The invisible load of motherhood. In my home, I manage homework schedules and projects, lunches, snacks, water bottles, library books, communication with teachers, food or attire for special days (can we all petition for “Spirit Week” to become “Spirit Day”?), doctor’s appointments, dental appointments, orthodontist appointments, play dates, gifts for teachers, gifts for birthday parties . . . and so much more.
I sign my three kids up for swim lessons and soccer and summer camps. I buy the gear, and I organize the gear, and I provide the transportation. I load the car for each event. Goggles, check. Change of clothes, check. Towel, check. Then I wash all those things when I get home and put them back in their proper place.
This year, I drop off and pick up each kid from a different school at slightly staggered times and locations.
I plan meals for five people, I grocery shop and I cook. I plan vacations, and I pack myself and three kids for those vacations. I make every holiday “magical.” I write all the thank you notes after Christmas. I send gifts and birthday texts to our family and friends. I clean the house that five people live in. I also have a part-time job and the occasional need to do something for my own darn self.
The mental load of motherhood is managing a billion things–most of which you just hold in your brain and never even write down. It would be silly to write down “Charge Chromebook every night.” But every night, I see my son’s Chromebook sitting around the house and I go plug it in.
Mothers hold a million tiny things in their brains and try to hold everything together . . . for all our family members . . . all the time.
It’s a lot. Here’s how I manage to sort of kind of keep our family running.
Communicate Well with Your Partner
Sometimes, I just need someone to take one or two things off my to-do list. I used to say to my husband, “We need to talk to your parents about their visit this summer” or “We need to call the car dealership and get that repair started on the van.” Then neither of us would do it; therefore, it would remain in my mental load because I felt that I had to keep reminding him.
What I was really trying to say was: “Can you please call your parents about their visit this summer and make a plan? I want it off of my plate and I don’t want to have to think about it again.”
So finally, I said that. I explained that I occasionally want to be able to ask him to do something and then NEVER think about it again.
I want it to be his responsibility and not mine anymore. We agreed upon a location to keep his to-do list, and after I ask him and write it on his list, it is now his job and not mine. Voila! I don’t have to carry that mental load. I’m not responsible to remind him or make sure it gets done.
Side note: Single parents who shoulder all of this alone get extra special props. What you are doing is hard. Try to surround yourself with people who can support you because no one can do it all.
Outsource a Task
Moms can’t do everything. We just can’t. We can’t clean the house and volunteer at the school and thrive in our jobs and serve in our church and look perfect every day and call our own parents to chat and wipe every kid’s tears and impart constant wisdom and emotional support to our children. It’s okay not to do everything.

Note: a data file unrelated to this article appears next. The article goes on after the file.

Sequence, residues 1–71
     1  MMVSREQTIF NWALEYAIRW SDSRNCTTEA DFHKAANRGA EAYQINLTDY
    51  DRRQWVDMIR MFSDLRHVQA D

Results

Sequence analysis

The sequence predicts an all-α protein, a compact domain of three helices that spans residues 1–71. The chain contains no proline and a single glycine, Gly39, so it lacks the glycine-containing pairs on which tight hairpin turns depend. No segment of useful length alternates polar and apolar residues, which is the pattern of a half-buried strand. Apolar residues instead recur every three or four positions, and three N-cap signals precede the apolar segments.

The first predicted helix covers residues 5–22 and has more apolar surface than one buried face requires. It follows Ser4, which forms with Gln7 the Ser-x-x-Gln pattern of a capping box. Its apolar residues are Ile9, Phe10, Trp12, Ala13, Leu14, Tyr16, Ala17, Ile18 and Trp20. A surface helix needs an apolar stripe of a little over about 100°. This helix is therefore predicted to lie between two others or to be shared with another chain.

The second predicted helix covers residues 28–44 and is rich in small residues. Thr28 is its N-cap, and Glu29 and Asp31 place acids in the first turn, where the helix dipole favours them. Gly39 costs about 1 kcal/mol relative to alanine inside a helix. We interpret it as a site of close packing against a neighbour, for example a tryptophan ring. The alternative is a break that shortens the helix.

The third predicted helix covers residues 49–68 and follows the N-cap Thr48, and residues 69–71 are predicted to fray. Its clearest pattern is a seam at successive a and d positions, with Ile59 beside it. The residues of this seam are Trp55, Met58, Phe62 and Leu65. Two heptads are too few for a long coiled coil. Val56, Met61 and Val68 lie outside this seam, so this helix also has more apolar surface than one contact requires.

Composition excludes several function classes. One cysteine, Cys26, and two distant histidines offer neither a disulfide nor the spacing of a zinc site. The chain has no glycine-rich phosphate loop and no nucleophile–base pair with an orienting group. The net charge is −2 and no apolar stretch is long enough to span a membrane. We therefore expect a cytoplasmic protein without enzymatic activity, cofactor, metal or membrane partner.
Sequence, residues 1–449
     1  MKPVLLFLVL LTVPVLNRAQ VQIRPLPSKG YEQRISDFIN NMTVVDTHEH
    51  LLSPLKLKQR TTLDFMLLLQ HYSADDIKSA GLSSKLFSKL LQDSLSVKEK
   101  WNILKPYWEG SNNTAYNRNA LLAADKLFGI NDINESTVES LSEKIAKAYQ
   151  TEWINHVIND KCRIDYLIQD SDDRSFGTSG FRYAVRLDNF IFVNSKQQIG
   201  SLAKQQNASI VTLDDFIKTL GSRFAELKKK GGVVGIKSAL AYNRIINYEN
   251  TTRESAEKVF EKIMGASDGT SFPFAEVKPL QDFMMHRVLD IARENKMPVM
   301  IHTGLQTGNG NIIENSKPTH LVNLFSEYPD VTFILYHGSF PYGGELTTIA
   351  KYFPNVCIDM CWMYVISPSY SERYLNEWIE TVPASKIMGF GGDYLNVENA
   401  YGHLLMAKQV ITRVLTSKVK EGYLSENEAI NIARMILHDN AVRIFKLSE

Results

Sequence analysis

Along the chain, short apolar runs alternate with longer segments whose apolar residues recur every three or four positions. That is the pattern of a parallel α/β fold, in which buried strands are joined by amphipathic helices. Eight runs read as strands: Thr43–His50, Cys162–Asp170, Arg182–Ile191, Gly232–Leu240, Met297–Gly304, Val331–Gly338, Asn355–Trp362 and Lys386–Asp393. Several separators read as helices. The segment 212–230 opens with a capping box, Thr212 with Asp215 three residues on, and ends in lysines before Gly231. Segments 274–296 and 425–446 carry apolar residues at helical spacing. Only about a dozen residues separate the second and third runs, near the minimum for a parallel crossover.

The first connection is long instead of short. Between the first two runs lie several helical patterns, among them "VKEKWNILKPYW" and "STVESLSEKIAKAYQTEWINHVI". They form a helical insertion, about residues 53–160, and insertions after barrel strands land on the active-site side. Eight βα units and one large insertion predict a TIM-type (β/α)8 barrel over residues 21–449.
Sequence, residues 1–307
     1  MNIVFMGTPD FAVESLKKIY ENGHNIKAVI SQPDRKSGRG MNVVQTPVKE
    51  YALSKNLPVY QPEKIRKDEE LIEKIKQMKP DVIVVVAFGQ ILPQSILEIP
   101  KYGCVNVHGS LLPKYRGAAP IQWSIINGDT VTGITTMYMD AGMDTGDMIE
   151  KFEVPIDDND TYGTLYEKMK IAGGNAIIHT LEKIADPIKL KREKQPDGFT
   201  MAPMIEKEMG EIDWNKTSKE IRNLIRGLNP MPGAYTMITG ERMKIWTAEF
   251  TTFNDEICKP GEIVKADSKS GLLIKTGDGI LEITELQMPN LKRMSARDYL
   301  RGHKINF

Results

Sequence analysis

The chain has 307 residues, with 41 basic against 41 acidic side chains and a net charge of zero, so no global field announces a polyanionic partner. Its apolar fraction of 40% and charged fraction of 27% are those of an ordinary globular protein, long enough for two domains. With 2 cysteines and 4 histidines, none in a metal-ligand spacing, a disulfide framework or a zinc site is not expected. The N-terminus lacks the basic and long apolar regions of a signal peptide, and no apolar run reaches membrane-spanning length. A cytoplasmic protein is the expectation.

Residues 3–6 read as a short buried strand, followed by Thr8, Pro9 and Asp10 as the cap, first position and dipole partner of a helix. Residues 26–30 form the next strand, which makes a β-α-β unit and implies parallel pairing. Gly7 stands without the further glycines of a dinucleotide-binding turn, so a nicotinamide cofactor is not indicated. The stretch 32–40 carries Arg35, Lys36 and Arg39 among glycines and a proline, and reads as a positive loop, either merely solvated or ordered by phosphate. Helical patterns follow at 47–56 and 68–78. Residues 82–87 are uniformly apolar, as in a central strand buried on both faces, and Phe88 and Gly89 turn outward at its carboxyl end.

We’ve hired someone to clean our house twice a month because it allows me to spend at least parts of the weekend with the family doing something I enjoy. It also removes that mental load of constantly looking around the house and thinking: “Oh, the floors really need mopping but I don’t have time.” I know it will happen at least every other week.
I know that hiring a cleaning person is a privilege and may not easily fit into everyone’s budget, but I encourage you to consider outsourcing a task to someone else. We can “pay” for our cleaning service by changing a couple of small habits (like eating out and using food delivery services less frequently)–and that sacrifice is totally worth it to me.
Teach Your Kids to Do Their Part
This is the hardest tip of all. But . . . don’t enable your kids to rely on you for every little thing (especially things they can do). I used to take everyone’s plates to the sink. I’d pick up everyone’s shoes, socks, and backpacks strewn about the house. I’d hang up coats and throw away food wrappers.
But lately, I’ve had to accept that one of the reasons I carry such a huge mental load is that I don’t require my kids to carry some of the burdens.
It’s so tough because it’s often faster to just do things yourself. And the kids are always doing it wrong when I ask them to clean something. But, I’m learning to expect more of my kids–and it really does remove a lot of my load.
» » » » » » » » RELATED READ: It’s Okay Not to Be Okay :: Mom Burnout Is Real « « « « « « « «
Here’s a pro tip: give your kids two or three jobs to complete before they can start their screen time (or any other activity they really enjoy). They will zip around the house, throwing away trash, putting away shoes, and picking up their toys.
Moms really are amazing! Without us, our households would surely fall apart in days.
I try to find joy and purpose in this work. I know that on top of maintaining schedules and getting kids to school on time, I also do innumerable daily activities that I’d never cross off a to-do list. I hug my kids when they are sad. I stay up late to research that rash on my son’s hand. I offer a high five and a cheer when my son comes home with a 100% on a test.
Moms, you are irreplaceable. And what you do matters! But don’t forget, you can and should accept help from others.
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